The mail program offers a clumsy way of reading mail. If you type mail without any parameter, you'll see the following:
I'm going to send myself some mail so I can play around with the mailreader:
The prompt inside the mail program is an ampersand (``&''). It allows a couple of simple commands, and will give a short help screen if you type ? and then .
The basic commands for mail are:
What's a message-list? It consists of a list of integers seperated by spaces, or even a range, such as 2-4 (which is identical to ``2 3 4''). You can also enter the username of the sender, so the command t sam would type all the mail from Sam. If a message list is omitted, it is assumed to be the last message displayed (or typed).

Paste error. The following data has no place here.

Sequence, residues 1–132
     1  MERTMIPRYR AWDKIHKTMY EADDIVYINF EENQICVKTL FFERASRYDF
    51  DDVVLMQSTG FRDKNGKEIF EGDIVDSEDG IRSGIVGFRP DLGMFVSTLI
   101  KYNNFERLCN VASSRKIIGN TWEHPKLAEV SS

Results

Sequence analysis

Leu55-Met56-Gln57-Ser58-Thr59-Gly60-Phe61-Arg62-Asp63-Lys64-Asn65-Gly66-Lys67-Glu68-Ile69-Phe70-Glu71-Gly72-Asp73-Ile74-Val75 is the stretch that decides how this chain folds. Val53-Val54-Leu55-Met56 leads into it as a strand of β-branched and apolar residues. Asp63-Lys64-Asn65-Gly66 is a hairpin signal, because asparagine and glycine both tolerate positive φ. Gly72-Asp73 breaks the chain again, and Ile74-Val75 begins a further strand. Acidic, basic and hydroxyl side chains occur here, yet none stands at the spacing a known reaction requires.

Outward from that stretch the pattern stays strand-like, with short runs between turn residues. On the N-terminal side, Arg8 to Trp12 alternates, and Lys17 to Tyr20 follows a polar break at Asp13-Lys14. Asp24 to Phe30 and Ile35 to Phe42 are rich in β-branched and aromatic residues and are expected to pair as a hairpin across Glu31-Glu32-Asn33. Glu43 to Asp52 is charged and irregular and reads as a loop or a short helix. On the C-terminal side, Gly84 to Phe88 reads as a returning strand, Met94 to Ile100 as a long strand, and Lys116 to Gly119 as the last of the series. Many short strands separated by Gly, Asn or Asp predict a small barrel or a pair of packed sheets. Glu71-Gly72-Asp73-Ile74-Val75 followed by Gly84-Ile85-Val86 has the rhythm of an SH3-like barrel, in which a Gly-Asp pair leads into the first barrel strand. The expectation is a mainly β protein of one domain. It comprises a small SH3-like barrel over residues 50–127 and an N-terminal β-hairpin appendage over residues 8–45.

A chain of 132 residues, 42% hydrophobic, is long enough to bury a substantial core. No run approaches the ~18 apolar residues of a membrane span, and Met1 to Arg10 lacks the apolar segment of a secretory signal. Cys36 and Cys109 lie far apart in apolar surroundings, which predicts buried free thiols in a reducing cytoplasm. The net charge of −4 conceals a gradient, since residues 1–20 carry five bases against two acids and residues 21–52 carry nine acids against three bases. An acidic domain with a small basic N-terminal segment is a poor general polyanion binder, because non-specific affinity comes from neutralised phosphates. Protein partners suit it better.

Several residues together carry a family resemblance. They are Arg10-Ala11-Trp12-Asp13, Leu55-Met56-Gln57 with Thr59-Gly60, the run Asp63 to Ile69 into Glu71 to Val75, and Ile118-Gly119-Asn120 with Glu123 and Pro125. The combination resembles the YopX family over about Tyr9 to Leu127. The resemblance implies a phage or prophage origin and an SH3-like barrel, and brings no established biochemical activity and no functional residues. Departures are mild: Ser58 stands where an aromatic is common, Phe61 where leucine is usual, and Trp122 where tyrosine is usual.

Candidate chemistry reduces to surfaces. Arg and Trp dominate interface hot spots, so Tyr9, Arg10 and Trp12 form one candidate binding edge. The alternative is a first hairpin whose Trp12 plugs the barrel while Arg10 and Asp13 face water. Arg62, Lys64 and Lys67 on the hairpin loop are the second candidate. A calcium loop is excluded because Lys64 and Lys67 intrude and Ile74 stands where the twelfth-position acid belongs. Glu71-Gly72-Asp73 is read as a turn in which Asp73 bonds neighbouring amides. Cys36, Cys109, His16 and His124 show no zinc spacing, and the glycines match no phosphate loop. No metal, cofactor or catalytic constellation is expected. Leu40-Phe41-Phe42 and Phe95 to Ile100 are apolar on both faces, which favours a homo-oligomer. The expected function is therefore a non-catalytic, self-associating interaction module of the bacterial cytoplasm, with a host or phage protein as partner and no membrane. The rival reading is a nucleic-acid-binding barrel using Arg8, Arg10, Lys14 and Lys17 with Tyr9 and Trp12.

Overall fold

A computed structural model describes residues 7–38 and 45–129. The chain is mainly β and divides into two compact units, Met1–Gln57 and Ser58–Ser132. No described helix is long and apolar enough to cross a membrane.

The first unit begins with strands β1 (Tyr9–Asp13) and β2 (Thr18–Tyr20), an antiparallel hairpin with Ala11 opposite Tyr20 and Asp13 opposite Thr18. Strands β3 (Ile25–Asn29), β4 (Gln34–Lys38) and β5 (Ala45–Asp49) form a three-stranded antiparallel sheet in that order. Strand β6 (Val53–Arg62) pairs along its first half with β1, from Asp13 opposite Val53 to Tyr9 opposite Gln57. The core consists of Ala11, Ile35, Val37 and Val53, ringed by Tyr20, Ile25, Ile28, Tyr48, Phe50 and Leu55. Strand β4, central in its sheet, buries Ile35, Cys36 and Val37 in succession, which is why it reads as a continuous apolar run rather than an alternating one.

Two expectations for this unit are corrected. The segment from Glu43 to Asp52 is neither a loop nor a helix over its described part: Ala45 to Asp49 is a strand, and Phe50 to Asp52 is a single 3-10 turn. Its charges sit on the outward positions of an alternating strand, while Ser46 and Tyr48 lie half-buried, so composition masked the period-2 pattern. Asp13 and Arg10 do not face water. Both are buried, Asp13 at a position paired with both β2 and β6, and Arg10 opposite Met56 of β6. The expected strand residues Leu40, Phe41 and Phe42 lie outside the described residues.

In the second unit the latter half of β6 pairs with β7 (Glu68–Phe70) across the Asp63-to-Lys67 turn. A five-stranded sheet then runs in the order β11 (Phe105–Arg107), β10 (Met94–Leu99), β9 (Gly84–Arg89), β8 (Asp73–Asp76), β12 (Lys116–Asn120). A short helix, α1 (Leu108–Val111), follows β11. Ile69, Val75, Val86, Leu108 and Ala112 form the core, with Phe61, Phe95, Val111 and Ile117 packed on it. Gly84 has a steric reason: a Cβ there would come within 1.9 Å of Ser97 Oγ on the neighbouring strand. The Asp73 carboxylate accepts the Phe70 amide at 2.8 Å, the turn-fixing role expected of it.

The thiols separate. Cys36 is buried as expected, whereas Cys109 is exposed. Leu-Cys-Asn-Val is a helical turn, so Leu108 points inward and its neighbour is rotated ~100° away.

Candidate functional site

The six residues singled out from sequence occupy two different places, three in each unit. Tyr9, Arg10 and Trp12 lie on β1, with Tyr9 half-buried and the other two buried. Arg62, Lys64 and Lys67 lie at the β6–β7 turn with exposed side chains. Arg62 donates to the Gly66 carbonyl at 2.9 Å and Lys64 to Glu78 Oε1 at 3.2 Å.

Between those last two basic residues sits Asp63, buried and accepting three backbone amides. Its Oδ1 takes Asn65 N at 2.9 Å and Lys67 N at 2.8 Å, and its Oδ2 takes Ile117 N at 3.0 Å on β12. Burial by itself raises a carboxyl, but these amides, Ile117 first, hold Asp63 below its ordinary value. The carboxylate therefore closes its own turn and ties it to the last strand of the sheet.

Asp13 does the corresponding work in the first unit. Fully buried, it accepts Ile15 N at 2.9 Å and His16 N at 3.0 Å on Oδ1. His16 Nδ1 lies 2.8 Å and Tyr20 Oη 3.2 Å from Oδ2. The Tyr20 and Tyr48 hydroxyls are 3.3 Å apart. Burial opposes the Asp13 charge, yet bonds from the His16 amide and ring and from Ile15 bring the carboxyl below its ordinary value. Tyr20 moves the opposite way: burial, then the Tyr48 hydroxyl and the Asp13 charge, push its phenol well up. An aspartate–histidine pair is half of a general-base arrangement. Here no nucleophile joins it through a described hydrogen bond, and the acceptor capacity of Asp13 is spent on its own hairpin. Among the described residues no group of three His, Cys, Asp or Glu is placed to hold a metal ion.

There are several problems with the mail program's reading facilities. First of all, if a message is longer than your screen, the mail program doesn't stop! You'll have to save it and use more on it later. Second of all, it doesn't have a very good interface for old mail--if you wanted to save mail and read it later.
Emacs also has a facility for reading mail, called rmail, but it is not covered in this book. Additionally, most Linux systems have several other mailreaders available, such as elm or pine .